Phone

There are different schools of thought here. Some argue on behalf of a virtual private branch exchange (PBX), which requires dedicated operators. Cheng prefers a less expensive cloud-based Voice over Internet Protocol (VoIP) system that provides multiple extensions for a workforce dispersed around the country. Whatever option makes best sense for you, make sure that it includes a 1-800 number.

If you want to project an image of solidity and credibility, customers are going to expect a toll-free number as standard. The list of VoIP entries include heavyweights such as Google, Verizon and AT&T, as well as more recent entrants like Vonage and MagicJack. (Here's a good PC Mag review that rates various VoIP providers.)

Virtual assistants

Again, this is a jump ball. Not everyone needs a virtual assistant to help take care of the business's routine administrative tasks. But it's hard to argue that you don't have better uses for your time than balancing the checkbook, or booking airline tickets. It also helps promote the public impression that there's a larger organization complete with an administrative staff behind you.

What should you outsource? My advice: Take a couple of months to track the repetitive tasks that you do and then decide what you need to offload. It's possible to find online providers such as Upwork, Zen Assistant and Workhoppers, who will provide fee-based services, either on a contract or per-project basis.

Bookkeeping

This is a core competency to master. But if you need help managing your books, you're in luck, because there's no shortage of products in the market that can help. The most popular with small businesses is Intuit's Quickbooks, which is easy to use and inexpensive. Other alternatives: Xero, Wave and ZoHo Books. And since we're talking about reinforcing a message to the marketplace, remember to use higher numbers when invoicing. Sending out an invoice marked No. 1 or 2 won't leave the customer feeling special. Rather, they'll wonder whether you just started business last week.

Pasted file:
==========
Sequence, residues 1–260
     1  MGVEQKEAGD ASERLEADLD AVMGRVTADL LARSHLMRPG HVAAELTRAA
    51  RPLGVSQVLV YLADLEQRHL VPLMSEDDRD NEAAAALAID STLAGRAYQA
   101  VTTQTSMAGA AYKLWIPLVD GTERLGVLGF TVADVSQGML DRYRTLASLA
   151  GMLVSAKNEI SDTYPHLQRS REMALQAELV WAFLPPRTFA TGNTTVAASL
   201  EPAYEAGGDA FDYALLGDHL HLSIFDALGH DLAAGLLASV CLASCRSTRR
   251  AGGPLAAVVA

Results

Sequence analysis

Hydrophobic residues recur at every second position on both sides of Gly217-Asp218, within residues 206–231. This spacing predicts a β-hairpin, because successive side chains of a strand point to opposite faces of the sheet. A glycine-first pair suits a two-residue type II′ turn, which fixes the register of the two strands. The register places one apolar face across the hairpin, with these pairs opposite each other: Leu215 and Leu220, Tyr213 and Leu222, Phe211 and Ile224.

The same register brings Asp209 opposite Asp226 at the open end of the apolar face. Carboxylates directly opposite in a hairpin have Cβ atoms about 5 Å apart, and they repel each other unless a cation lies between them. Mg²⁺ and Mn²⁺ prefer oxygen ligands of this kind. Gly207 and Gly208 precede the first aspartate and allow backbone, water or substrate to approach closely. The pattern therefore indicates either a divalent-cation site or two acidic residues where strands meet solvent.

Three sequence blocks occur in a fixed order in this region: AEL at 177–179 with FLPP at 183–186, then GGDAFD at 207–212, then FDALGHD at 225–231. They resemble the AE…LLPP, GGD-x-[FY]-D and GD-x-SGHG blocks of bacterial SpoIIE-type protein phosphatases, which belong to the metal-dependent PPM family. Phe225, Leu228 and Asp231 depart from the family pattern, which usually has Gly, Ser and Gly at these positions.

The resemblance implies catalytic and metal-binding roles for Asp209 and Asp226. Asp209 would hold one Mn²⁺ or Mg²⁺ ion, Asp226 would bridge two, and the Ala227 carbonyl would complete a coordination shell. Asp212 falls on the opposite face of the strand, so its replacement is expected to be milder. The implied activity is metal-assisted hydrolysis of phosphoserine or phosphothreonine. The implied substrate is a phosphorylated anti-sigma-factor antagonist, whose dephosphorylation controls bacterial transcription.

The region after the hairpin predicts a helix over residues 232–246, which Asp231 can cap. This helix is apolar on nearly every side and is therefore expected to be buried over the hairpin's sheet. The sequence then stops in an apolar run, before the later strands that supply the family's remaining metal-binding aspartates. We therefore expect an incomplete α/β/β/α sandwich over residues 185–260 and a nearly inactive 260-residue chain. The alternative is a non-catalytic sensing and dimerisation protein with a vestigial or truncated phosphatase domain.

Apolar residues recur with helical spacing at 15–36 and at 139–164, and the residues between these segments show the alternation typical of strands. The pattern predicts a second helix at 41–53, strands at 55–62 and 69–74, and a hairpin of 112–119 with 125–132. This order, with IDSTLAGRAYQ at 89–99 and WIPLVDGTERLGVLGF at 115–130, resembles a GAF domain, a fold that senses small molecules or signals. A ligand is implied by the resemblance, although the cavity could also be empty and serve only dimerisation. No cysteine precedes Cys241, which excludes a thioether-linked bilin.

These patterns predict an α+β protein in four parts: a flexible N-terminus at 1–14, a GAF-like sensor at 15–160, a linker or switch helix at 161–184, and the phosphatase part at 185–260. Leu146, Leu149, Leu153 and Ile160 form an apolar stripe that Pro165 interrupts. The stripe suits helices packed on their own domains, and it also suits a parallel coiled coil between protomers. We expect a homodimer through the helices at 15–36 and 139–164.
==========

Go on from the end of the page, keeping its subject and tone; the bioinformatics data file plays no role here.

Email contact info

Whatever you do, don't publish a free webmail address as the company contact. That's a tell-tale sign that there's a home-based business on the other end of the transom.

Search engine optimization

We live in a Google-centric world and you need to make your business show up in the results when customers perform searches. Google can generate a lot of new business if you optimize your site for searches. Most people aren't conversant with the necessary tips and tricks, so unless you're ready to work on getting really good at this, it's a better idea to hire out a contractor with expertise who can help generate traffic.

Advertising

The easiest way to raise your profile is through advertising. You'll need to track the metrics and make sure that the return is worth the investment. If you want to project an impression of bigness, this is it -- especially on television.

At the same time, do yourself a favor by establishing a presence in social media. It's easy and, best of all, only costs an investment in time. Promoting the company and its activities on LinkedIn, Twitter and Facebook can help raise your profile and build customer engagement -- and potentially, build sales.

One word of caution: Don't confuse a social strategy with advertising. This ought to be about sharing insights and engaging with your community to solve their problems, not sell them on how great you are. If your advice is sound, that will clinch the argument for you.